Joye Brown at Newsday has been following the Marcelo Lucero since it began. She had a thought provoking piece in the paper today. I’d be interested to know what you thought of it. Here are some excerpts:
Both sides in the Marcelo Lucero case agreed on one thing Wednesday. The conviction and imprisonment of Jeffrey Conroy does not change Suffolk County.
Except the harsh reality that actions have consequences, which hit Conroy and his family like a fast-moving truck in a Suffolk County court proceeding filled with drama and anger, tension and, for Lucero’s family, release.
Conroy, 19, will spend the next two decades in prison.
But that does not change how people talk, or reach out or treat the county’s newest residents, illegal or otherwise. It does not fix what is broken in a region whose schools and communities remain aggressively, and profoundly segregated by income and by race.
For that, Long Island must turn to its leaders.
And that includes those who continue to profess, stubbornly, that what happened one November night two years ago was an incident isolated from what was happening in Suffolk County.
There is a larger context, one that must be acknowledged. One that must be pulled screaming from the shadows to be examined in the hard light of day. And it is this: It didn’t, and shouldn’t have turned out this way for Marcelo Lucero or Jeff Conroy.
“I did not want to meet that boy, Jeff Conroy, in a courtroom,” Lucero’s brother, Joselo, would say later. “I would have wanted to meet him at the beach. I don’t want to meet any kids in a courtroom this way.”
And what do we get from the top elected official in the county? A man who is running for governor of New York State?
Wednesday, Suffolk County Executive Steve Levy issued what has become his standard: A canned statement about how this case was not about illegal immigration. It was about a teenager “who branded swastikas on his person and practiced a reprehensible series of beatings against people solely on the basis of their ethnicity.”
It was about a community where, for years, too much overheated rhetoric focused on illegal immigrants rather than illegal immigration. That’s one reason the U.S. Justice Department is investigating allegations of discriminatory policing against Latinos in Suffolk County.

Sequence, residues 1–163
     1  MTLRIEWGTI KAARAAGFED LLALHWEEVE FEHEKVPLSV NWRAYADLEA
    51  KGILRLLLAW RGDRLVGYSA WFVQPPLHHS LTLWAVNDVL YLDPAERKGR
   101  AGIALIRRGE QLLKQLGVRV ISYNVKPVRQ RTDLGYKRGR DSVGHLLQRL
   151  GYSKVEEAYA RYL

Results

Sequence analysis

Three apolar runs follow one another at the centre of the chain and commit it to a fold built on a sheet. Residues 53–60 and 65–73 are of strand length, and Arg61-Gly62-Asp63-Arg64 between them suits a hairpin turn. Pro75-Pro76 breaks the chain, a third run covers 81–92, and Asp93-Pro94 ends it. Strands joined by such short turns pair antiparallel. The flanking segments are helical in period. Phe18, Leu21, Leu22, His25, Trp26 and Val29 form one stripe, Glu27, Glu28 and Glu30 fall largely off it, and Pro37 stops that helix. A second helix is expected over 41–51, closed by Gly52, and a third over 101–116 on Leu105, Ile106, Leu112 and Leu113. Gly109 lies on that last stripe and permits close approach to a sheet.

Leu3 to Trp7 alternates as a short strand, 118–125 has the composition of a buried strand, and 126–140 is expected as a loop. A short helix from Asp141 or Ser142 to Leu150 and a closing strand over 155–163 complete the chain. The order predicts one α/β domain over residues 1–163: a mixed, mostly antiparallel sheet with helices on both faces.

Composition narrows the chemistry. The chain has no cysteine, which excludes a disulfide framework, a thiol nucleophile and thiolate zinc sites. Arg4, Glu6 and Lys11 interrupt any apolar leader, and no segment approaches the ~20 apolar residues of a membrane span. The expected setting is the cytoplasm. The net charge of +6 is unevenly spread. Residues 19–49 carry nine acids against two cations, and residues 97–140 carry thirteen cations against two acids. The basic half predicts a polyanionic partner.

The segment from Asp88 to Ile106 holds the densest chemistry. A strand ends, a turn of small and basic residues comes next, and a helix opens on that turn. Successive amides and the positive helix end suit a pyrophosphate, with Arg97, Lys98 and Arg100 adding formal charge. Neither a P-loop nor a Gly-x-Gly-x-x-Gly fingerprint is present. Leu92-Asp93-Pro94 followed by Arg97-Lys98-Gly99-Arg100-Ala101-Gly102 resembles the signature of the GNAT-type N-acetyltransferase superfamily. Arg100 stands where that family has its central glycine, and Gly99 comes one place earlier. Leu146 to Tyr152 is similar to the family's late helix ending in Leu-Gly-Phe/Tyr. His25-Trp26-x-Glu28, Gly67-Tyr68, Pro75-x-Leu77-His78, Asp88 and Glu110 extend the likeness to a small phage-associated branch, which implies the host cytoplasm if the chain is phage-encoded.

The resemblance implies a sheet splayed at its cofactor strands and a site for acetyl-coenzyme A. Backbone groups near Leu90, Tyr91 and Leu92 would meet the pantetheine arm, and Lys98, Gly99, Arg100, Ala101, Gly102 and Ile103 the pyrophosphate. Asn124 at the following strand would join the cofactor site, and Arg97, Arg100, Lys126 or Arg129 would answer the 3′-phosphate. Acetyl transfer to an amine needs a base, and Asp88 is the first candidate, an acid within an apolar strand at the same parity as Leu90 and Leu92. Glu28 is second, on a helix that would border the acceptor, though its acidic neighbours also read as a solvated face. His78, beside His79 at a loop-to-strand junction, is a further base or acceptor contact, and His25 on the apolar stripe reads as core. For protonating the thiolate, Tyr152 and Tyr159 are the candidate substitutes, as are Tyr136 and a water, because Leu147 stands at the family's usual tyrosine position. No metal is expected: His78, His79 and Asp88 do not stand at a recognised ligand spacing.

“This won’t change Suffolk,” Conroy’s attorney, William Keahon, said long after television networks that broadcast Conroy’s sentence around the world had left the building.
“At the inception of this case, I was outraged when our Suffolk County executive, Steve Levy, an attorney, without hearing any evidence, made statements to the press convicting my client,” he said.
“It was inappropriate and outrageous for a lawyer with the audience he has as a county executive.
“And he has created an atmosphere of hate toward young men and women that come to this country and this county to do jobs no one else will do and do it extremely well with honesty and integrity. I would vote for Mr. Lucero’s brother for governor before I would vote for Steve Levy,” he said.
To which Levy, in the statement, replied: “Mr. Keahon’s comments are as absurd and desperate as his courtroom antics.”
But what about Suffolk County? And what of its past? And what is to become of its future?
There needs to be conversation, Mr. Levy.
There are questions that need answers.
And a county that needs leadership on issues - like race and hate - to move forward.